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North Wales Police report reveals ongoing investigations of officers for sexual misconduct against women and girls

20 Feb 2023 4 minute read
Fflur Emlyn, Deputy CEO, RASASC NW; Amanda Blakeman, Chief Constable, North Wales Police; Andy Dunbobbin, Police and Crime Commissioner for North Wales

A report released today by the Police and Crime Commissioner has revealed there are 27 ongoing investigations within North Wales Police, including 13 cases which relate to violence and sexual misconduct against women and girls.

The report’s publication follows the recent conviction and sentencing of David Carrick for multiple crimes of rape, violence against women and coercive behaviour while he was a Metropolitan Police officer.

The case has seen policing brought under significant scrutiny following other high-profile incidents where the integrity of those who serve in UK police forces has been brought into question.

The report was prepared by the team at the Force, under the leadership of Chief Constable Amanda Blakeman, for North Wales Police and Crime Commissioner (PCC) Andy Dunbobbin.

It looked at the implications of the David Carrick case in the context for North Wales Police, the prevalence of cases of misogyny in the Force, the numbers of cases under investigation and the measures in place to protect the public and ensure the correct vetting of officers.

The 27 cases being investigated by North Wales Police is among 1662 Police Officers, 186 Police Community Support Officers, 1201 Civilian Staff and 100 Special Constables in the Force in total.

The investigation looked into measures to address any accounts of misconduct by officers and how the public can safely report inappropriate behaviour.

An Inclusive Leadership Programme for all first and second-line supervisors will also be provided to help officers and staff report and challenge any inappropriate behaviour by colleagues and supervisors.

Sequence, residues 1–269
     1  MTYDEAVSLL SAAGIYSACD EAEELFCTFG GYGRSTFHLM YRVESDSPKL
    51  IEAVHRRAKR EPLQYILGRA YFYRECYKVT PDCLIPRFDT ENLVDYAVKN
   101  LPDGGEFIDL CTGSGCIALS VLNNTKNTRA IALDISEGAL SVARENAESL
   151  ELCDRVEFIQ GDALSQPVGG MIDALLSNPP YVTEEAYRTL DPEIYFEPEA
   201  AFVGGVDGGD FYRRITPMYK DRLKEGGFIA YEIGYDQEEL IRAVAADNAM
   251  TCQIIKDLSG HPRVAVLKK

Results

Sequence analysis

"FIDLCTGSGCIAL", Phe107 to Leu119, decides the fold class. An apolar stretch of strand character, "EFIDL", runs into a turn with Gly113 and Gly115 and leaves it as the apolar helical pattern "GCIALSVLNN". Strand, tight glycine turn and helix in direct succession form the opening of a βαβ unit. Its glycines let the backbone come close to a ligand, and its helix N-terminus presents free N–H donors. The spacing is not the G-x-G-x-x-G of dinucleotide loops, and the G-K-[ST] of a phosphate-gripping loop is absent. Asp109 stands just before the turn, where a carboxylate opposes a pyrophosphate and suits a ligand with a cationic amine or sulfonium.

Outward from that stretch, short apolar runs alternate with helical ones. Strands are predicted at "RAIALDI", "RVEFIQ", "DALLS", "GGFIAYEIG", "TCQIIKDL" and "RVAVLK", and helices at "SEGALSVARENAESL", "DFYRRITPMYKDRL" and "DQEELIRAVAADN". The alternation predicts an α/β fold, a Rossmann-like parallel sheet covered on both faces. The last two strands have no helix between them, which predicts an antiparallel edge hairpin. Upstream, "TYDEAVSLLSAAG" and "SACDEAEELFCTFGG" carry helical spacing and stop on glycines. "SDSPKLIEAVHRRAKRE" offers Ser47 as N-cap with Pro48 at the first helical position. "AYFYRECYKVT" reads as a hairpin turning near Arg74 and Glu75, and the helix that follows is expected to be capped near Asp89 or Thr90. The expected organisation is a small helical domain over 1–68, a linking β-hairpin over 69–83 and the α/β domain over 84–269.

The PCC and North Wales Police say they are firmly committed to supporting victims and investigating any allegations swiftly and transparently but recognise that some individuals may prefer reporting to an organisation outside the police.

They are encouraging any victims who wish to report sexual violence or domestic abuse, but don’t feel they can contact the police, to report to the Domestic Abuse Safety Unit (DASU) or the Rape and Sexual Abuse Support Centre (RASASC).

Andy Dunbobbin, Police and Crime Commissioner for North Wales said: “I recognise the concerns the public has around police conduct following the appalling crimes of David Carrick, which follow on from other crimes by serving officers, such as the murder of Sarah Everard and the treatment of the bodies of sisters Bibaa Henry and Nicole Smallman.

“Misogyny has no place in the police service, nor should perpetrators of abuse ever hold any office which is meant to protect others.

“This is why Chief Constable Blakeman has prepared this report laying out the situation in North Wales Police and to detail the provisions in place to protect the public and expose any misconduct among officers.

“As Police and Crime Commissioner, I am reassured to see how much work the Force is doing to combat misogyny.

“But none of us can rest on our laurels in the fight against abuse and misconduct. We all must remain vigilant, so that the people of North Wales can have confidence in the officers and staff of the Force, whose job it is to keep us all safe and secure.”

Amanda Blakeman, Chief Constable of North Wales Police said the crimes of David Carrick were “despicable and abhorrent” and were exacerbated even further by the position of trust he held as a serving police officer.

She added: “The devastating effect of Carrick’s offences extends far beyond the Metropolitan Police Service and have put the public spotlight once again on policing across the UK.

“Our communities rightly expect the highest standards and conduct from all our employees. There are several safe ways of reporting instances where our employees have fallen short of the standards expected of them.

“We remain committed to ensuring that our systems are effective in removing officers who are simply not fit to wear the uniform. We will continue to root those officers out and remove them from our police force.”

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Cathy Jones
Cathy Jones
1 year ago

ACAB, because one bad apple spoils the barrel….and this barrel is putrid with bad apples.

1 year ago

When I was a child in the mid-50s onwards, my mother taught me to try to find a policeman if I was in any sort of trouble or distress. I cannot imagine a responsible mother today telling her daughter the same thing.

NOT Grayham Jones
NOT Grayham Jones
1 year ago
Reply to  Sorgina

Thats very sad you feel like that. Who do you suggest they go to when in trouble or distress then.

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